UK mobile telco EE has announced plans to double the speed and capacity of its 4G network services for both new and existing customers this summer, in time for the launch of rival services.
After the upgrade, EE’s 4G customers in the UK’s major cities will be able download data at an average speed of 20 Mbps, up from between 8 and 12 Mbps today. It says the services will be able to support speeds of up to 80 Mbps.
EE, which owns the T-Mobile and Orange networks, said the boost will be made possible by doubling the range of 1800 MHz spectrum bandwidth it dedicates to 4G services, from 10MHz to 20MHz. It also plans to trial “carrier aggregation” technology that combines spectrum from different bands to further boost performance, speed and capacity.
The 10 cities where the upgrades will be available first are Birmingham, Bristol, Cardiff, Edinburgh, Cardiff, Edinburgh, Glasgow, Leeds, London, Liverpool, Manchester and Sheffield. EE’s 4G services are currently available in 40 cities, and it is aiming to bring that number up to 80 by June this year.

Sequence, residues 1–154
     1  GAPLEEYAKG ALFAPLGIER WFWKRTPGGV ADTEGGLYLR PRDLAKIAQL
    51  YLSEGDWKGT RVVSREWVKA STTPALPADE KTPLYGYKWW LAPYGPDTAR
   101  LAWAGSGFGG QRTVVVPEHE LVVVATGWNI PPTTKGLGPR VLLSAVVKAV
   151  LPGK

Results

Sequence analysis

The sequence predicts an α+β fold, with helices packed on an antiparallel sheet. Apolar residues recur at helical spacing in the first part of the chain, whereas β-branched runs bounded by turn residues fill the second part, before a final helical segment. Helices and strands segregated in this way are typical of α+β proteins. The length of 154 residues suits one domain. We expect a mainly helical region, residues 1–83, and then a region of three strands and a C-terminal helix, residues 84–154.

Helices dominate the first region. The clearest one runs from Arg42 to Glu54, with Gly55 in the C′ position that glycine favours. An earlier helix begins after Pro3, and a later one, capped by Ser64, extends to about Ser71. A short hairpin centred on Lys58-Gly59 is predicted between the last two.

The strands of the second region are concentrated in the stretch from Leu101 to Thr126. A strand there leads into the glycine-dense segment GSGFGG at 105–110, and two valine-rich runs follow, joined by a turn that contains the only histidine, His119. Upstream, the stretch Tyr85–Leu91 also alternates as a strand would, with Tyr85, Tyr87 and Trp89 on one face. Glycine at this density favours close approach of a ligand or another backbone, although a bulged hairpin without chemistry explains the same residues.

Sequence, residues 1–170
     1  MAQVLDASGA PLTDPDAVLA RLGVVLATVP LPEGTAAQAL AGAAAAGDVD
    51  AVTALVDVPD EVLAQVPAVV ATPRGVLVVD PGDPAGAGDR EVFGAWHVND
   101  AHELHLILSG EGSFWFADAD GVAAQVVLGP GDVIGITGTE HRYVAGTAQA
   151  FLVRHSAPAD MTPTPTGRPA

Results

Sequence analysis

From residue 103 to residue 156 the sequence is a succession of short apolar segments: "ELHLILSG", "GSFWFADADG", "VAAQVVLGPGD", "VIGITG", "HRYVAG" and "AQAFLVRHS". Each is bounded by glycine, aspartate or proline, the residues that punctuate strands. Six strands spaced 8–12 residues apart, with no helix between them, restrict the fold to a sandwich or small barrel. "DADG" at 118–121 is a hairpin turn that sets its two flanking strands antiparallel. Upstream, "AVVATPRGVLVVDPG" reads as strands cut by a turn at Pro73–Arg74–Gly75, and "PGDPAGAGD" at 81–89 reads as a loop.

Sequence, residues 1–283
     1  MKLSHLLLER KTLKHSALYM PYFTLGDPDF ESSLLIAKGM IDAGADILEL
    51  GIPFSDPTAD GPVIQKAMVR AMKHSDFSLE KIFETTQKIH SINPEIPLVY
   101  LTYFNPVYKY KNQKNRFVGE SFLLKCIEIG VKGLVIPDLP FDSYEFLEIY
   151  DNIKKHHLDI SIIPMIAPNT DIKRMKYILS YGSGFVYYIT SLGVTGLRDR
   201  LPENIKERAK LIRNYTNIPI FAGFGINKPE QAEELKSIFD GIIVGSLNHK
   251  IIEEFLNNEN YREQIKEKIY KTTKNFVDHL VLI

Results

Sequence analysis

The upgrades are necessary if EE is to meet an expected 750% in mobile data traffic over the next three years, the company said.
“Since we launched 4G, we’ve seen a huge shift in the way people are using mobile,” said Olaf Swantee, CEO at EE. “Mobile users in the UK have a huge appetite for data-rich applications, and this will only grow as people become more familiar with and reliant upon next generation technologies and services.”
The company plans to have a million 4G customers by the end of this year. It has not disclosed how many 4G subscribers it has so far, but in the three months following the launch of 4G in October last year, EE recorded a 3% drop in sales to £1.7 billion.
Vodafone and O2 are both planning to launch their 4G services this summer, having won the necessary spectrum licenses in an Ofcom auction earlier this year.